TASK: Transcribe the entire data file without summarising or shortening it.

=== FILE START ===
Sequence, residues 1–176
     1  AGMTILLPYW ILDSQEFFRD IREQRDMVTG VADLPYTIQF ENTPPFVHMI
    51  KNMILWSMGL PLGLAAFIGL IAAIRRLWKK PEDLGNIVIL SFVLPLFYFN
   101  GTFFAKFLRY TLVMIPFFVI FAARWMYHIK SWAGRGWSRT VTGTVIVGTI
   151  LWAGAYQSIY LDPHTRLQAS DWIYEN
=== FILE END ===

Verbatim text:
Sequence, residues 1–176
     1  AGMTILLPYW ILDSQEFFRD IREQRDMVTG VADLPYTIQF ENTPPFVHMI
    51  KNMILWSMGL PLGLAAFIGL IAAIRRLWKK PEDLGNIVIL SFVLPLFYFN
   101  GTFFAKFLRY TLVMIPFFVI FAARWMYHIK SWAGRGWSRT VTGTVIVGTI
   151  LWAGAYQSIY LDPHTRLQAS DWIYEN